dynamic is what led to a national defense sys- threats, and individual businesses are often in
tem that is funded primarily through taxation. the best position to know where their weak-

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nesses lie. Uniform regulation may lead to too Regulators do not always act in the public
much security in some sectors and not enough interest. Politicians will seek support from
in others. Relying on incentives rather than companies that provide security technologies
regulation also guards against the real possibil- in exchange for favorable legislation. And
ity that regulators will be “captured” by those bureaucracy can be inflexible, wasteful, and
they supervise. The history of regulation is lit- overly conservative in its approach to solving
tered with rules designed to stifle competitors problems. As a rule, then, private actors should
instead of enhance public welfare. Finally, reg- carry out day-to-day security responsibilities,
ulation can lead to an unjust distribution of and whenever feasible, costs should be passed
costs, with taxpayers or companies that face on to consumers, not taxpayers.
few threats subsidizing the security of firms Second, where rules and regulations are
that engage in riskier behavior. necessary, they should be as open-ended as
However, civil liability does have limits. possible. In such cases, policymakers should set
Where costs would be extraordinarily high, for security goals and verify how well companies
example, a company could never hope to com- meet them, not mandate specific technologies
pensate damaged third parties. Or when damage or processes. Positive incentives should be con-
could be widespread, such as when negligence sidered to encourage companies to be vigilant
Just as “national would lead to mass casualties, then regulation, and to guard against regulations becoming a
defense” does even when less than optimally efficient, might be best practices ceiling, rather than a floor. For
not entitle every prudent. Few people would feel comfortable example, instead of merely mandating specific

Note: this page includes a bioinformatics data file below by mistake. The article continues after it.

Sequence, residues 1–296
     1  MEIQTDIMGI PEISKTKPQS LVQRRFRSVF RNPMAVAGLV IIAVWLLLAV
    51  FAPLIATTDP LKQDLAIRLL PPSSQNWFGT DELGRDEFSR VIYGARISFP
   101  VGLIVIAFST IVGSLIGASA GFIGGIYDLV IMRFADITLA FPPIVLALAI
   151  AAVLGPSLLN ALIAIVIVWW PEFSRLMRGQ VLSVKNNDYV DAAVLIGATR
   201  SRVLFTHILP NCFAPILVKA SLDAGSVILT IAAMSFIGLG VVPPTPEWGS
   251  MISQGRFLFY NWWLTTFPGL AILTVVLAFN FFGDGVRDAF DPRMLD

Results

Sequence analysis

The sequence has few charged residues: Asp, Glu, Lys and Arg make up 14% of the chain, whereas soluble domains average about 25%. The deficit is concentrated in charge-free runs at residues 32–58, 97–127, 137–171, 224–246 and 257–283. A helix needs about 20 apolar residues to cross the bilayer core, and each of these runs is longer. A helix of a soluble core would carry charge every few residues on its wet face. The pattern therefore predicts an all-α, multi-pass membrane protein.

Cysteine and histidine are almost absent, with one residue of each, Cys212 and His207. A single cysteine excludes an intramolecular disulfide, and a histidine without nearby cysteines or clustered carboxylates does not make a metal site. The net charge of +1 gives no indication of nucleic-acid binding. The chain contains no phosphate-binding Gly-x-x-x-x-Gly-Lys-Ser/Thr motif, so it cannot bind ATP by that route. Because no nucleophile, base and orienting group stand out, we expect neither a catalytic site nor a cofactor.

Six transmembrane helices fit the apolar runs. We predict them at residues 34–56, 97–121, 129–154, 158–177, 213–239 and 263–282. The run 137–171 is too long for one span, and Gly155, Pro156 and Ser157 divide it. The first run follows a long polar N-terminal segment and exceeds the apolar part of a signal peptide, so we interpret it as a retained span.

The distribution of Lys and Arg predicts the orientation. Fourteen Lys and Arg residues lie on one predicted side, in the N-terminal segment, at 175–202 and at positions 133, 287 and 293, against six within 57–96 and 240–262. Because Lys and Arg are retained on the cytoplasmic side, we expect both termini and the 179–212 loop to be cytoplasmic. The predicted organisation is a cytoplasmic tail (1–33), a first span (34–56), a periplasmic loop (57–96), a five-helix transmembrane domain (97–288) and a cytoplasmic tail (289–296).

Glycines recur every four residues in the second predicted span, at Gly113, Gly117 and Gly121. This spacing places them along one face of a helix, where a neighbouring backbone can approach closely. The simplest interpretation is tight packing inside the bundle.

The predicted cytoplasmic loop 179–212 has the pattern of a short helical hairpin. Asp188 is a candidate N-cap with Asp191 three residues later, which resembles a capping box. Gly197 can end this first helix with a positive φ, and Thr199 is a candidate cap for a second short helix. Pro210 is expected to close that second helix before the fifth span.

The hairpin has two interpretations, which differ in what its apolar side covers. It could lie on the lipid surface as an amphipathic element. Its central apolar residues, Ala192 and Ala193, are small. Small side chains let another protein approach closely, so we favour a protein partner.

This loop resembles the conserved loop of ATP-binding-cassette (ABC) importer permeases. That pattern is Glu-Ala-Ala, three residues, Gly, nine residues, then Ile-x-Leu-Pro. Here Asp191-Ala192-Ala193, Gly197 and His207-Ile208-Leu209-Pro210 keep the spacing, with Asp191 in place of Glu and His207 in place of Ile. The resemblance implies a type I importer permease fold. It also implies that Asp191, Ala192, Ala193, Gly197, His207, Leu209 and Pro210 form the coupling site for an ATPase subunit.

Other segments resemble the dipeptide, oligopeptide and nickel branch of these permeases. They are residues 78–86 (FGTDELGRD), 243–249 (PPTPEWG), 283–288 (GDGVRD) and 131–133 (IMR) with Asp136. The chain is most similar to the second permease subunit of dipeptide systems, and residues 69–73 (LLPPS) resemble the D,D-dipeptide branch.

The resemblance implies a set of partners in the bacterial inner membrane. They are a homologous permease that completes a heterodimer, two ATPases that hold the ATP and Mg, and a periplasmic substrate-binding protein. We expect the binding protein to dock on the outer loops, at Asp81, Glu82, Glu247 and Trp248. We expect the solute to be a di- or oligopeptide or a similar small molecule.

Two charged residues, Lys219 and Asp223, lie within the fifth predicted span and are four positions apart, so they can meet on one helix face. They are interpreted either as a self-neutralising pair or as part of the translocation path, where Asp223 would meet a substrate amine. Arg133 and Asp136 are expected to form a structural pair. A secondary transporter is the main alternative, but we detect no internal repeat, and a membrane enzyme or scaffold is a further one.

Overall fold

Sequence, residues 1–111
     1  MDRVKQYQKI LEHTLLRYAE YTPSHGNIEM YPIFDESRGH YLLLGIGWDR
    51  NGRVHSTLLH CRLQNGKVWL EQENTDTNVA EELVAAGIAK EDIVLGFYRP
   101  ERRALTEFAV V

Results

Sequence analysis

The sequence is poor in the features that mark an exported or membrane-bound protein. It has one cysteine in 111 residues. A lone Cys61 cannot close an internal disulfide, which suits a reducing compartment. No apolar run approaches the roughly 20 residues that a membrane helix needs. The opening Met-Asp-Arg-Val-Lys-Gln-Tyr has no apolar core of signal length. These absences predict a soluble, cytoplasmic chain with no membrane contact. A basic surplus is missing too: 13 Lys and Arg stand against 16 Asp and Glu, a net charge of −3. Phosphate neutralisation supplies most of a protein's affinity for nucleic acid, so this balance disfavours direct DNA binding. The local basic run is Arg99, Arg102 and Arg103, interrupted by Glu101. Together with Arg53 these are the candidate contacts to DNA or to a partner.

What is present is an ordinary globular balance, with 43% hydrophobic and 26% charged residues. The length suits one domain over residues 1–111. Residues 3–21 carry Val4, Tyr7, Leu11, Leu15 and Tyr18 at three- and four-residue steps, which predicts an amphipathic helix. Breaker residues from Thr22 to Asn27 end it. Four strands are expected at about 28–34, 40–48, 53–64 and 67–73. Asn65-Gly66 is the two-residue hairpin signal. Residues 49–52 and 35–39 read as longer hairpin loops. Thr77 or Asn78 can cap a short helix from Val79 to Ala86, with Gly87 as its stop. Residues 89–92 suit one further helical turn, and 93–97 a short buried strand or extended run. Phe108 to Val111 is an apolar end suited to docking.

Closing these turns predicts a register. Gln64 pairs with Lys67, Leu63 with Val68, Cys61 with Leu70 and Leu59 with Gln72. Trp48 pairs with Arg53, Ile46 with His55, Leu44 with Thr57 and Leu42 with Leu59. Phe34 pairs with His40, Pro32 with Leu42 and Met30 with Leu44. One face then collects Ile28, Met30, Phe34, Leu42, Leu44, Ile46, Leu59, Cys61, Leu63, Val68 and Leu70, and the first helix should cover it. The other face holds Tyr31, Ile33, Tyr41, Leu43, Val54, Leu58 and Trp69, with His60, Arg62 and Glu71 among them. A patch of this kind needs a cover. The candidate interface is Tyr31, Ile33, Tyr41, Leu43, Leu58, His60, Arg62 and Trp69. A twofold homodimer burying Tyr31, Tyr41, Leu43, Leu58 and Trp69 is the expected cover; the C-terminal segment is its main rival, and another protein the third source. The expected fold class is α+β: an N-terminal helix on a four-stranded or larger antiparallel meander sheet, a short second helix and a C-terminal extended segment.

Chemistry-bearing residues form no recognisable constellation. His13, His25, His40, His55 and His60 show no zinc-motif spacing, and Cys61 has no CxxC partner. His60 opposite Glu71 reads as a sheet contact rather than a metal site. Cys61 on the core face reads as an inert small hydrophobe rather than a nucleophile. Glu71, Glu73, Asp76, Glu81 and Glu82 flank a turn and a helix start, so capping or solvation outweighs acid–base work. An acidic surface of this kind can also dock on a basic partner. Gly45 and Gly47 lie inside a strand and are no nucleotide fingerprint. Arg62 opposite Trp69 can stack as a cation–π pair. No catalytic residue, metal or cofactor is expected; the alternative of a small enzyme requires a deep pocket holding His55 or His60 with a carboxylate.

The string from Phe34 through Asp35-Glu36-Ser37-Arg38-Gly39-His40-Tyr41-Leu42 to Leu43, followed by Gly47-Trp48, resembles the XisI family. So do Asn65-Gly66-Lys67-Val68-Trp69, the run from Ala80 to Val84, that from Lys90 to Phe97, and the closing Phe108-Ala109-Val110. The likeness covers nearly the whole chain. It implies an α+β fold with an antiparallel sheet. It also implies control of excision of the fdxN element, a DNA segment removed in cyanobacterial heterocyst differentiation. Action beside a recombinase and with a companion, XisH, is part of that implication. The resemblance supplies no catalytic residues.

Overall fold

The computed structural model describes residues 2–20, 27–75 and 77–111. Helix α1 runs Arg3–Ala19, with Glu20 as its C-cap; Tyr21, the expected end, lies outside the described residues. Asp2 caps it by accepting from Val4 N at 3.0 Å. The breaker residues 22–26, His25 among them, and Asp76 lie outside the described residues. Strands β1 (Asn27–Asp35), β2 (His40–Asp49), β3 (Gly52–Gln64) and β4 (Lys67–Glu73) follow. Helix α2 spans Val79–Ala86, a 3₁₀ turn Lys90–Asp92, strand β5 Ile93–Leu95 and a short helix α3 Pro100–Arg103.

with the idea that a nuclear plant, for example, intrusion-detection technology for cargo con-
homeowner to a should be able to operate in whatever manner its tainers, DHS could offer bounties to compa-
federally funded owners wish so long as they are held liable for any nies that uncover terrorists or weapons. When
mishaps. Indeed, in cases where potential nega- the government is seeking to develop new
burglar alarm, it tive externalities—damage to third parties—is security technologies, it should consider offer-
does not relieve extremely large, no compensation would be pos- ing bonuses and contracts to the first company
private businesses sible even if society were willing to tolerate the that can develop the desired product or meet
risk. the specified goal—avoiding “seed money”
from the responsi- International trade is a field where it is dif- research grants that are too often awarded on
bility of providing ficult to establish the proper mix of incentives, the basis of political criteria. 16
much of their own liability, regulation, and direct government pro- Third, policymakers should be aware that
vision of security. However, faced with the securing the trading system against terrorism is
security. nightmare scenario of terrorists using the trad- a regrettable but real cost of doing business
ing system to deliver a WMD that could kill internationally. The prices of imported goods
millions of civilians, most people will probably should reflect those costs. The United States
conclude that the high potential cost in terms benefits from imports when their price and/or
of innocent human life is a significant external- quality advantage outweighs their total cost,
ity—one that fully justifies government inter- including the cost of transportation and securi-
vention in the market for cargo security. ty. Expansive taxpayer subsidies for commercial
So if we accept that government will play a security may distort economic decisions and
leading role, what principles should guide pol- prompt companies to make unwise investments.
icymakers in thinking about trade security? At the same time, however, it is important that
First, as in all public policy endeavors, the the cost of new security measures be justified by
danger of “government failure” must be recog- their safety benefits. “Security” should never
nized. Just because the free market may yield become an excuse for protectionism.
too little of a public good does not mean that America’s ports also deserve scrutiny in terms
government will do any better. As any trip to of subsidies and ownership. Public port author-
the department of motor vehicles will attest, ities own all major U.S. seaports and operate
government agencies are often inefficient. many of them. (A 1990 report by the American